Experts urge parents to get their kids' eyes checked regularly
MONDAY, Aug. 3 (HealthDay News) -- More than 20 percent of kids aged 12 to 17 have trouble seeing the classroom chalkboard, a new national survey shows.
Of the nearly 1,500 children in the survey, more than 25 percent of the teen age group complained of headaches, even though 45 percent of them wore some type of prescription eyewear.
About 25 percent of children aged 6 to 11 wear prescription glasses, according to the survey, conducted by Prevent Blindness America and VSP Vision Care. Eye problems among children increase with age.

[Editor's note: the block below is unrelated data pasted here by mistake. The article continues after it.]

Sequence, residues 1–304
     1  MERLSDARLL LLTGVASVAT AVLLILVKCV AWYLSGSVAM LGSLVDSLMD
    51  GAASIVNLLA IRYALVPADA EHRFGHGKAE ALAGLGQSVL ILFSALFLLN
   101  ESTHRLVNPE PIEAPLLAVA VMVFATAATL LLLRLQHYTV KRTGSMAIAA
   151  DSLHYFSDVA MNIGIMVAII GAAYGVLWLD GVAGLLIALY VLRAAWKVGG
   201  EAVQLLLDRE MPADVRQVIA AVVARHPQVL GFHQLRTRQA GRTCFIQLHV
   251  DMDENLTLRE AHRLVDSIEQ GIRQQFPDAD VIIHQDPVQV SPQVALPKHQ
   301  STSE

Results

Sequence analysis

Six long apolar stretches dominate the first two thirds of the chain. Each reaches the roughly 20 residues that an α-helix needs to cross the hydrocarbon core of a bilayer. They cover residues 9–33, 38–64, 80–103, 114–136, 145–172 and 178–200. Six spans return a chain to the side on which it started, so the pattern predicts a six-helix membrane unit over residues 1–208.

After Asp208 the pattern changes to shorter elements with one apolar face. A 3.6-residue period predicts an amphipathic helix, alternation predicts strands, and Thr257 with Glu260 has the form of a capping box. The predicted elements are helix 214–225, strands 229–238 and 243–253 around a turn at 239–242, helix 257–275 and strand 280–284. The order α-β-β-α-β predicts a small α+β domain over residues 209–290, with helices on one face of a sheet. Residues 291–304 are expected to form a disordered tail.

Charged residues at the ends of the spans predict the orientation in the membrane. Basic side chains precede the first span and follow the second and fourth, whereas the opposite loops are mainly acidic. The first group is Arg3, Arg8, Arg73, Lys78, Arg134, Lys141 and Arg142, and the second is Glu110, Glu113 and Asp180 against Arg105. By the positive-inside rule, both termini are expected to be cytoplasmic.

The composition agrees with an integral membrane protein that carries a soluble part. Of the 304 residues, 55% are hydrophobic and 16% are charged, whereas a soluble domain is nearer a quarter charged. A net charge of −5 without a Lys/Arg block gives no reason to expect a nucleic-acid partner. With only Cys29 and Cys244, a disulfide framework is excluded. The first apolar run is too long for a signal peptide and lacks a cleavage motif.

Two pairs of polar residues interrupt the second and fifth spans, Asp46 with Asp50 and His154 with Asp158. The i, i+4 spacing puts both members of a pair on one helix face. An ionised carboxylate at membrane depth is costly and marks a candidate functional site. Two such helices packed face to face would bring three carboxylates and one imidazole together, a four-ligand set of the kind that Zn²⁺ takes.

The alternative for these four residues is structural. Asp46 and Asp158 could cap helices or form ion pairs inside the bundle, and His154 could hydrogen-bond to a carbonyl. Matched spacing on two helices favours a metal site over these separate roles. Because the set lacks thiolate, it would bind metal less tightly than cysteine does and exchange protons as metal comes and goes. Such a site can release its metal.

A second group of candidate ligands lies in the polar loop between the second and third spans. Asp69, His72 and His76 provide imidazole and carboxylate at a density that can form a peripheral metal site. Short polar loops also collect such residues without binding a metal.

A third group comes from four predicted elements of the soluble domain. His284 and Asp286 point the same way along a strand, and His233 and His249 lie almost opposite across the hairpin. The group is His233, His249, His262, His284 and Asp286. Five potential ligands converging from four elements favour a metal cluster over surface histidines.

The most common vision problem in older children was nearsightedness (myopia), a condition in which close objects are seen clearly but objects that are far away, such as chalkboards, are blurry.
All children should have their vision checked regularly, according to Prevent Blindness America. Unfortunately, more than 66 percent of those under the age of 6 have never had their eyes examined by an eye doctor, the survey found.
"The good news is that most common eye problems in older children, including myopia, can be effectively treated if diagnosed early. We urge all parents and caregivers to have their child's vision checked regularly to promote a lifetime of healthy vision," Hugh R. Parry, president and CEO of Prevent Blindness America, said in a news release from the organization.
The Nemours Foundation has more about children's vision.
-- Robert Preidt
SOURCE: Prevent Blindness America/VSP Vision Care, news release, Aug. 3, 2009
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